“I would like to play a song for you called ‘The Monster and the Flower,'” Claudio Roditi told his audience on the evening of his April 7 concert at Memorial Chapel. “There is a story why this is called “The Monster and the Flower,” he continued, “but I cannot tell you that story.”
The quartet’s Brazilian harmonies were delicate like a flower, but in the hands of these talented musicians the music could also strongly assert itself, perhaps like a monster. As a performer, Claudio Roditi is known for playing post-bop elements over Brazilian rhythms, all blended in his assured style.
The Claudio Roditi Brazilian Quartet performed bossanova and samba from the Brazilian tradition of jazz. Brazilian trumpeter Claudio Roditi was joined by the U.S.-born pianist Nick Rolfe, Brazilian drummer Mauricio Zottarelli and Brazilian bassist Itaiguara Mariano Brandão. The performance also featured appearances by Colgate Associate Professor of Music Glenn Cashman on saxophone and first-year Andrew Mercier, also on saxophone.
The night began with a take on João Donato’s bossanova “A Rã (The Little Frog).” Roditi explained that Donato wrote this song about his lady lover who he affectionately called his “rã.” However, in their rendition the quartet traded 8s until the piece took on the animalistic feel of a twilit, pond-side chorus of frogs exchanging night-calls. Brandão’s bullfrog of a bass took eight verses, followed by another eight of Rolfe’s piano plinks and so on with the rest of the quartet.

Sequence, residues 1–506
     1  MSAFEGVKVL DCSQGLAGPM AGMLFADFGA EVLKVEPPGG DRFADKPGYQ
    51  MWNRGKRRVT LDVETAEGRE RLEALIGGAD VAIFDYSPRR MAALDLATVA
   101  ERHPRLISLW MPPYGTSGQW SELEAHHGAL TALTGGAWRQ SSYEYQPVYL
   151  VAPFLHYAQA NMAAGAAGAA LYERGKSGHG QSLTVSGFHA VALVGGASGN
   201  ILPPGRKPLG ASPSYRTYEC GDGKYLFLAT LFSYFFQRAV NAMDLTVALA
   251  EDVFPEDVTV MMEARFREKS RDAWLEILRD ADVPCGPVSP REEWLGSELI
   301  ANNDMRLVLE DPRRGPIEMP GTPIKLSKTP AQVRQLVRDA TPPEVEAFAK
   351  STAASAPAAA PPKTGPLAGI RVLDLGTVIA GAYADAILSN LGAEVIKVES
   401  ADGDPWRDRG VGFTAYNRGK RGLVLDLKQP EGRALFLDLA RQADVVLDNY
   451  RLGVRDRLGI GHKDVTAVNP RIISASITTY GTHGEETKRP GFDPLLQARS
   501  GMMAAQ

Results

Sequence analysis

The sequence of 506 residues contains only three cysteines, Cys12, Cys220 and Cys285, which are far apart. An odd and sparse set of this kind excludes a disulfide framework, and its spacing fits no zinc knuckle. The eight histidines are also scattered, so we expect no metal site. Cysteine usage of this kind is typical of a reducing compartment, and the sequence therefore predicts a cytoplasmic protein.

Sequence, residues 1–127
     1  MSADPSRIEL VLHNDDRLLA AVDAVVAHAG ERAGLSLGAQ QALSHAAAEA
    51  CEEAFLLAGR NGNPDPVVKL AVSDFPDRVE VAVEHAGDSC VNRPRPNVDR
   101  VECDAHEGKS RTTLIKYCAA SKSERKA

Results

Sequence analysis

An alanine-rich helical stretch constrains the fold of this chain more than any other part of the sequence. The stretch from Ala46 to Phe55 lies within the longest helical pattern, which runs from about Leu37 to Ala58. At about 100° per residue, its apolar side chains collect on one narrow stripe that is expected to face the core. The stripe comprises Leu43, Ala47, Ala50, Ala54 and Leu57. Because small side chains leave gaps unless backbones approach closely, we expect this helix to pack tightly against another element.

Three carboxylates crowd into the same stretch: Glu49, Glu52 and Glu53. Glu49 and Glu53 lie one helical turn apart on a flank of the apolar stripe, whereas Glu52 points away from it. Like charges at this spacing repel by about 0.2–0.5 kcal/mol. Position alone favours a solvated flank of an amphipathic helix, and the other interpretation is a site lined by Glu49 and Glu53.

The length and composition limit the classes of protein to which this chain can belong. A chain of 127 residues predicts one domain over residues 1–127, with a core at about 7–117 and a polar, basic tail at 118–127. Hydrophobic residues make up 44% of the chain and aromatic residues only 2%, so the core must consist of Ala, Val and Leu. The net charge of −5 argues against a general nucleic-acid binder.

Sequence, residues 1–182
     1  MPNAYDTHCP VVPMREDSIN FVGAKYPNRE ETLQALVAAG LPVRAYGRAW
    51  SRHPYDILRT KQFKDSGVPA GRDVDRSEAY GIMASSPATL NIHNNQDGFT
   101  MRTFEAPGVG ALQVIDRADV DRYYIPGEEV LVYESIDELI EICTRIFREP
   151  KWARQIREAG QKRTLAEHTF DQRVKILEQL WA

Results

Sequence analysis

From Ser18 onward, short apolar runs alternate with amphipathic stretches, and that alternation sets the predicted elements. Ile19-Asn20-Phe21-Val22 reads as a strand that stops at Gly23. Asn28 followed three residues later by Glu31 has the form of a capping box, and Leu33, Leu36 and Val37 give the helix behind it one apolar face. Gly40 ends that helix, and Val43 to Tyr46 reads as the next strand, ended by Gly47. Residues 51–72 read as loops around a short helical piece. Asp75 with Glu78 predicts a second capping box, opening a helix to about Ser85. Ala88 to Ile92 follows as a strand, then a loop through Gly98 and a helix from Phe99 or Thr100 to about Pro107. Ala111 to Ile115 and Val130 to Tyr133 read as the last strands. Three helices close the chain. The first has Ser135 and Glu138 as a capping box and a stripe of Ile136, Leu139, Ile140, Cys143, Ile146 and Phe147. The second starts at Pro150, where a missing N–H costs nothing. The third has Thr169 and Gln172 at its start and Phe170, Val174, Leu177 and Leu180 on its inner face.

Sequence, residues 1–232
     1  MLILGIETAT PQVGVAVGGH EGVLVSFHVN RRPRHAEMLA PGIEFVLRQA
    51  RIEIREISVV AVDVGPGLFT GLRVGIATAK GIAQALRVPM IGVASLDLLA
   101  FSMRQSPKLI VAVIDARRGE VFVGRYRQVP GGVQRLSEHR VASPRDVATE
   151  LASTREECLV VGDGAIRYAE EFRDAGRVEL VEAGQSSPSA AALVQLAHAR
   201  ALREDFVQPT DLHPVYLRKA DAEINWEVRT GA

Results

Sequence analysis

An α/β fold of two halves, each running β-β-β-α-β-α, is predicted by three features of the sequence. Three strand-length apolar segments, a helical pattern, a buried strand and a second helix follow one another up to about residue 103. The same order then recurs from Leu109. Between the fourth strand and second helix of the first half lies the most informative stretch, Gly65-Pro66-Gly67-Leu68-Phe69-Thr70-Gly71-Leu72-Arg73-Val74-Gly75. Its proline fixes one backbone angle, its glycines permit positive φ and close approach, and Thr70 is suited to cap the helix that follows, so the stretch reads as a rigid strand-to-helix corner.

The gentle fragrance of the night deepened with a tender performance of German jazz composer Kurt Weill’s “Speak Low,” a song about love lost “too soon.” “Piccolo Samba” drew out light-hearted vibes from the samba of Carnival, with Roditi playing on a piccolo trumpet. “The Monster and the Flower” was another fun piece that Roditi especially shined on.
Roditi emphasized the American jazz tradition in Brazilian samba with his song “Goodbye Alfie,” dedicated to jazz pianist Johnny Alf who died in March 2010. Johnny Alf was a jazz pianist known for first incorporating some of the modern harmonies of American jazz into samba music, acting as a precursor to bossanova. “Goodbye Alfie” summoned up the gentle command that Alf brought to his bold innovations.
The second act, undimmed by sad reminisces, led early on with the joyful and warm “Felicidad” by Carlos Hobim from the movie Black Orpheus. Roditi spoke admiringly of this film that celebrates the samba music and dance of the black Diaspora in Brazil.
Commenting on this set piece in particular, first-year Chris Guiney said, “It was some of the best jazz I’ve heard. All the performers were just really tight. They took Carlos Jobim, one of the best jazz composers, and did him justice.”
First-year Andrew Mercier and Professor Cashman joined the quartet on “Piccolo Blues.” Mercier was chosen to play with the quartet after the group listened in on sessions of the Colgate Jazz Band earlier that day. Mercier was therefore given a very short time to learn the piece.
The concert closed with the open-ended “Roditi’s Blues.” On this one, virtuoso bassist Itaiguara Mariano Brandão finally was given a good run with an extended solo. After confidently supporting the quartet for the length of the concert, he sauntered out on his own with a deft delivery. In the midst of flowery fragrance, the monster wreaks havoc.